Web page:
Pain is divided into two types:
- Acute pain
- Chronic pain
Acute pain is pain of sudden onset, lasting for hours to days and disappears once the underlying cause is treated. Acute pain has a clear cause. It could result from any illness, trauma, surgery or any painful medical procedures. Hence it is beneficial to the patient because but for the pain, the individual will ignore his illness resulting in complications and even death.
Acute pain signals that there is something wrong and motivates the person to get help. For example- just because the nociception is caused by appendicitis, the person consults a doctor and undergoes surgery to get relieved. If pain is not there he will not seek medical advice and his appendix may burst and form a mass which is more difficult to treat. Thus acute pain can be beneficial.
Examples of acute pain include:
- the pain of heart attack
- acute appendicitis
- bone fracture
- muscle sprain
- prolapsed intervertebral disc of the spine
Chronic pain is the pain that starts as an acute pain and continues beyond the normal time expected for resolution of the problem or persists or recurs for various other reasons It is not therapeutically beneficial to the patient.
In acute pain, attention is focused to treat the cause of pain whereas in chronic pain, the emphasis is laid upon reducing the pain to give relief, limit disability and improve function.
About 9% of the US population and 18% of the European population suffer from chronic pain. It is rarely accompanied by signs of sympathetic nervous system arousal. The severity and extent of chronic pain may be out of proportion to the original injury and may continue long past the period in which the damage tissue has healed. Chronic pain is pain that has outlived its usefulness and is no longer beneficial.
Acute & Chronic Pain Treatment Goals
Acute and chronic pains have different treatment goals. The primary goal of acute pain treatment is to diagnose the source and remove it.
With chronic pain, the main goals are to minimize the pain and maximize the person’s functioning. Complete relief of pain is rare in chronic pain. The more realistic goal is to decrease the level of pain to a tolerable level that allows the person focus on everyday activities.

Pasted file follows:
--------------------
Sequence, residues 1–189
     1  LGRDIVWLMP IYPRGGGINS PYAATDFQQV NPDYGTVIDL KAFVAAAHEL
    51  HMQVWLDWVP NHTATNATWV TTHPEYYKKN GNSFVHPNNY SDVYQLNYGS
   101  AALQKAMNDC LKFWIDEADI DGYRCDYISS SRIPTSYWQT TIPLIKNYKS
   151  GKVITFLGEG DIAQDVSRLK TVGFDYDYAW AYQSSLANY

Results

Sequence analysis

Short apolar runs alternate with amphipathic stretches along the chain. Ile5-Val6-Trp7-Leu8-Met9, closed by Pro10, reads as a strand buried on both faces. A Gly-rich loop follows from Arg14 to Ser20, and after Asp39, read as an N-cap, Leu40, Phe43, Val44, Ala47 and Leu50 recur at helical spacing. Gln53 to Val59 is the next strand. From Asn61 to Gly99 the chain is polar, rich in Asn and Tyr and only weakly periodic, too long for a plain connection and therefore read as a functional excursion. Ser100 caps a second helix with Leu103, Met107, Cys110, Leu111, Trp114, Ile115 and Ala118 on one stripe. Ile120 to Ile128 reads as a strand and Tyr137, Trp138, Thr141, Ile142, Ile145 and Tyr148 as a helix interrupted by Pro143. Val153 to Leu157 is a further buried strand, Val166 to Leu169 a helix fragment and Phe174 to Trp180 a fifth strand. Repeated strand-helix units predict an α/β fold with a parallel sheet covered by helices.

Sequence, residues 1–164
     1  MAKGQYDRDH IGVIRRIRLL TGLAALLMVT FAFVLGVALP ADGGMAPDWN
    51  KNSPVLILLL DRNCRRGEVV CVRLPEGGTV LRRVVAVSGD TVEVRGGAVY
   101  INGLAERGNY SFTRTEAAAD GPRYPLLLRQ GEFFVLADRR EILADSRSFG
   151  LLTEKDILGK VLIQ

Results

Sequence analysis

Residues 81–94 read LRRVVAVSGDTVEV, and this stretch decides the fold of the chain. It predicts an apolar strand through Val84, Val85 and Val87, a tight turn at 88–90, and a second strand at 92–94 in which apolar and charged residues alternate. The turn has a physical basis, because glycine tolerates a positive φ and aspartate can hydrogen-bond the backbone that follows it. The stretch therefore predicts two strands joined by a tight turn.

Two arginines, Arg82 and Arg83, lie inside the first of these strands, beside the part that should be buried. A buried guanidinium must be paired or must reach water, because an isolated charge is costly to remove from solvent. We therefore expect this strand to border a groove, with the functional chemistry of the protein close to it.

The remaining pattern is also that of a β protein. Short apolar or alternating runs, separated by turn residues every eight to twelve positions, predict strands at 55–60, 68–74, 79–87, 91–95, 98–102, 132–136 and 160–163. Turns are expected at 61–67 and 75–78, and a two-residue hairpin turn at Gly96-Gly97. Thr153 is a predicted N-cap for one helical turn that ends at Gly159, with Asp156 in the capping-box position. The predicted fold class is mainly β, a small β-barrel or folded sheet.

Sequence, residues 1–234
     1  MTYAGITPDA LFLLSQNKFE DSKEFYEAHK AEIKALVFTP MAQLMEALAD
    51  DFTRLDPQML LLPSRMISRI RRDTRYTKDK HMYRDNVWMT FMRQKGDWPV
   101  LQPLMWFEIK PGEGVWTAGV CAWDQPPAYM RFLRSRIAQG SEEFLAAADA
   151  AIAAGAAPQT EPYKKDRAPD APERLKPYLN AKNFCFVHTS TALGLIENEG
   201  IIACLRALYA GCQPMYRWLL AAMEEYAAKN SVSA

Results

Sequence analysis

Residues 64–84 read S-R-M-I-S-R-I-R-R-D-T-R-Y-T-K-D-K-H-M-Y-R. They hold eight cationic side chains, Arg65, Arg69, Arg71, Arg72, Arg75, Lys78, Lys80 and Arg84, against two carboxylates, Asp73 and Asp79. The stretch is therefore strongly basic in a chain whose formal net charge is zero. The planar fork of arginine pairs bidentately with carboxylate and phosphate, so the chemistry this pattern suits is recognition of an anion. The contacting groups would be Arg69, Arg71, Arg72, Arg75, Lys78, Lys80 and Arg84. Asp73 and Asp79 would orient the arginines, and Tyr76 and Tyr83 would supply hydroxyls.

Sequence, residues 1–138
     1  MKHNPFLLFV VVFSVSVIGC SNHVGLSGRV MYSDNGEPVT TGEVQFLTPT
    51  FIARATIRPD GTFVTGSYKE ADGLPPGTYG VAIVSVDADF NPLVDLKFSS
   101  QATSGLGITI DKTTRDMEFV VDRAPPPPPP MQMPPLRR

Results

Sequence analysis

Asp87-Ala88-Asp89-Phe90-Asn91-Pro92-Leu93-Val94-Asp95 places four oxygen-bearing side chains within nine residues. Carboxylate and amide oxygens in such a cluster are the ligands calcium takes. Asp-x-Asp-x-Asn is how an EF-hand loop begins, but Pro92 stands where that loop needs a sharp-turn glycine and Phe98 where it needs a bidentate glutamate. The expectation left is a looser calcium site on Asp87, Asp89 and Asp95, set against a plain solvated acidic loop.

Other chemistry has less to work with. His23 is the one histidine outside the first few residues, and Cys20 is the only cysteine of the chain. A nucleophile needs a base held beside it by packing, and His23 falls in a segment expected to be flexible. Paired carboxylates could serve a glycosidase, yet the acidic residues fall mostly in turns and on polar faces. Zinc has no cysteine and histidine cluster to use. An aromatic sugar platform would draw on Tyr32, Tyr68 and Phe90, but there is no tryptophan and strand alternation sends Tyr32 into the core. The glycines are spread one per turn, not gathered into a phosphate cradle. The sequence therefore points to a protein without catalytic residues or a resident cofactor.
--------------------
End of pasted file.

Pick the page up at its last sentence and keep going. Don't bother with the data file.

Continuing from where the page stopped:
The treatment of chronic pain is multidisciplinary that blends physical, emotional, intellectual and social skills. Returning to work is clearly a desirable goal, but in fact, only 50% percent of patients who undergo comprehensive multidisciplinary pain rehabilitation are able to return to work.
Chronic pain is further divided into:
- Nociceptive pain
- Neuropathic pain
Nociceptive pain is pain arising from damage to tissues other than nerve fibers. It is also called tissue pain. The undamaged nerve cells called nociceptors carry the sensation to spinal cord from where it is relayed to the brain. It is called somatic pain if it results from injury to muscles, tendons and ligaments. Somatic pain is usually well localized.
It is called visceral pain if it results from injury to the internal organs like stomach, gall bladder and urinary bladder. Visceral pain is usually diffuse and non-localizing.
Somatic pain in turn is classified in to cutaneous somatic pain if the pain arises from the skin and deep somatic pain if it is from deeper musculoskeletal tissues. The various causes of joint pain are grouped under musculoskeletal pain.
Neuropathic pain is the pain caused by the lesion in the nervous system when they are structurally or functionally damaged. It is called central pain if the lesion is the central nervous system. It is called peripheral neuropathic pain if the lesion is in the peripheral nervous system. The neuropathic pain is described as severe, sharp, lancinating, lightning-like, stabbing, burning, cold, numbness, tingling or weakness. It may be felt traveling along the nerve path from the spine down to the arms/hands or legs/feet. It does not respond to the routine analgesics.